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Expect 5G operators to keep increasing prices in 2024

'There might be opportunities and pockets where we see we can get more value to our customers at the same time we increase the price,' said Verizon CEO Hans Vestberg. Others agree.

Mike Dano

December 6, 2023

4 Min Read
 Money printing machine printing 100 dollar banknotes. 3D illustration.
(Source: Cigdem Simsek/Alamy Stock Photo)

5G network operators in the US have been carefully raising prices and fees over the past year or so. And, based on some recent commentary, it seems like they'll continue that strategy into next year.

"I think there is more room" to raise prices, said AT&T CEO John Stankey this week at an investor event.

"There are a variety of different ways to go after it," he continued. "And I think what's important and what we've demonstrated at AT&T is, we can find ways to drive our relationship – to sustain a relationship with the customer, get them in a position where they see more value, get them comfortable with the fact they may be paying for that value that they're receiving, and do it in a way that doesn't disrupt our base."

Stankey wasn't the only wireless executive this week eyeing price increases.

"There might be opportunities and pockets where we see we can get more value to our customers at the same time we increase the price," said Verizon CEO Hans Vestberg at the same investor event. The question, he said, is "can we add more value to our customers that is a price increase, but they get more, and that is beneficial to our shareholders?"

"There are opportunities" to do so, he added. But he said Verizon isn't looking to increase prices as much as it did in 2022.

"We will look into it," he said.

Finally, T-Mobile's CEO Mike Sievert made similar comments this week. "There's also opportunities for us to optimize our cost structure and revenue structure here and there, and we take those opportunities if we think they'll be well accepted by customers," he explained at that same investor event. 

But Sievert seemed more cautious on the topic, noting that T-Mobile will be "very planful and data-driven" and will "push and see what customers will accept."

That's not a surprise considering T-Mobile in October reportedly had planned a price increase on some of its older plans, but Sievert walked back that effort because the company discovered it wasn't "something that our customers are going to love."

Nickel and diming

Starting just over a year ago, Verizon, AT&T and T-Mobile began making rumblings that they might increase the cost of some plans and some fees. 

AT&T kicked off the trend by increasing prices on customers subscribing to some older plans. But the issue picked up steam when Verizon announced it would raise prices – via "administration" fees – on all customers by between $1.30 and $2.20 per month. T-Mobile too increased some of its fees.

Since then the operators have continued raising prices and fees. For example, in July both Verizon and AT&T increased the cost of their legacy smartphone pricing plans by around $3 per line per month. "This increase will allow us to continue to deliver the great wireless service you expect," according to AT&T.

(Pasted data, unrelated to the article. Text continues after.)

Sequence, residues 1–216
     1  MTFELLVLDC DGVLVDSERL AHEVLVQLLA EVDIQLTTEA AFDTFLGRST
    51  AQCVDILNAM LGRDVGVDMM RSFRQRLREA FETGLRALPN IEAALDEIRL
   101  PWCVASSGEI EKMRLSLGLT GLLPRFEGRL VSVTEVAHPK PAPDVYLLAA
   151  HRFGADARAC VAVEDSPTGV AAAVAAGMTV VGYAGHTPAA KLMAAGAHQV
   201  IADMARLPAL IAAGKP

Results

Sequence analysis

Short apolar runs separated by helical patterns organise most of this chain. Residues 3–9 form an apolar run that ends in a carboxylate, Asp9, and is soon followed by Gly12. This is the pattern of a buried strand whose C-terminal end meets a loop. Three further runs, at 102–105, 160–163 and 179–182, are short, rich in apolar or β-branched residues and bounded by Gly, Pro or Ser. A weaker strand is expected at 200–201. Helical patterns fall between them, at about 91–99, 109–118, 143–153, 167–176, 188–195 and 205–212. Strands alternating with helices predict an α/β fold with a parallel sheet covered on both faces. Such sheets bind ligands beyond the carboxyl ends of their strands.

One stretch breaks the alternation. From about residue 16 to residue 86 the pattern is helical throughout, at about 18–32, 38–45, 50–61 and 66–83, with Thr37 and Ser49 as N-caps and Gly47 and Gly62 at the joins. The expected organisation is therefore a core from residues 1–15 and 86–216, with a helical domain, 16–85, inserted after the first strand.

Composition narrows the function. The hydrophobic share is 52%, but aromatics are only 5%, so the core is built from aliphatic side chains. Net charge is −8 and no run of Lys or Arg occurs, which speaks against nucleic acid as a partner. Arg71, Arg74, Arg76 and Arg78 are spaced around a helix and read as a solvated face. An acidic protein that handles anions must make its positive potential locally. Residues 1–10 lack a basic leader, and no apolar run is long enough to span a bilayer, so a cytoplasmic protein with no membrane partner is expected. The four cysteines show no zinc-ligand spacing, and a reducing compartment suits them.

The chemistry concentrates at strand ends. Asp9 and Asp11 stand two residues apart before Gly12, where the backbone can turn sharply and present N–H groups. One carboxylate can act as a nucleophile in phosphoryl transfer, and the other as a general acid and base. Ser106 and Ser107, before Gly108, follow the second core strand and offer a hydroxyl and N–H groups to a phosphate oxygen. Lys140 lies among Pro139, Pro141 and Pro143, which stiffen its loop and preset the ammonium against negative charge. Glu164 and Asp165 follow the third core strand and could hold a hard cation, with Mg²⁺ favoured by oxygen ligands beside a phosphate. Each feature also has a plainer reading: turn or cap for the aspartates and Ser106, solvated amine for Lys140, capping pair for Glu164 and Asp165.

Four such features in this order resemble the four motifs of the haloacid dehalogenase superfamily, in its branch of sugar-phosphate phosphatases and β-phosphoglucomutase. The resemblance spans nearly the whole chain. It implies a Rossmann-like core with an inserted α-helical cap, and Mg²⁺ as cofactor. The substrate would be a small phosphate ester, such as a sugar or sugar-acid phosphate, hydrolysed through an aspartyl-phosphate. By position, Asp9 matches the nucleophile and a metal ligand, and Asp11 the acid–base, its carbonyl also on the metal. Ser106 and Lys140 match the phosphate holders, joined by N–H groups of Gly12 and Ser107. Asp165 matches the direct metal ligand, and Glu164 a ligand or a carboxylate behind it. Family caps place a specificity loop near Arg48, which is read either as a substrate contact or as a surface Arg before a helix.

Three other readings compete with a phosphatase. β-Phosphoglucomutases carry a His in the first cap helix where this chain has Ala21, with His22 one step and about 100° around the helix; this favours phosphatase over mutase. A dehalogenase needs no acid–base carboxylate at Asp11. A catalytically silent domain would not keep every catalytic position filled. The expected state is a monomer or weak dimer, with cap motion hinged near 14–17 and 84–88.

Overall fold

Why? The operators haven't managed to increase revenues despite spending billions of dollars on 5G spectrum and equipment. Rising inflation exacerbated the situation.

More importantly, the operators found they could raise prices without consequences. Meaning, customers simply swallowed the pricing increases without complaint and did not cancel their service to "churn" to another provider.

That situation has cheered investors. "We were encouraged to hear that recent rate plan adjustments from AT&T, T-Mobile and Verizon have not materially impacted existing customer churn and should be supportive of modestly growing ARPUs [average revenues per user] in 2024," wrote the financial analysts at Wells Fargo in a note to investors last month. "Even in an environment in which [customer] gross add / switcher activity remains more muted, the carriers' ability to continue to raise pricing across its entire base underpins our view that EBITDA [earnings before interest, taxes, depreciation, and amortization] and cash flow will grow across all of the Big 3 into 2024."

The reason customers are willing to pay more is simple: Smartphones are becoming a necessary part of modern American life.

"It's one of the most important devices you have in your hand, a phone," explained Verizon's Vestberg.

About the Author(s)

Mike Dano

Editorial Director, 5G & Mobile Strategies, Light Reading

Mike Dano is Light Reading's Editorial Director, 5G & Mobile Strategies. Mike can be reached at [email protected], @mikeddano or on LinkedIn.

Based in Denver, Mike has covered the wireless industry as a journalist for almost two decades, first at RCR Wireless News and then at FierceWireless and recalls once writing a story about the transition from black and white to color screens on cell phones.

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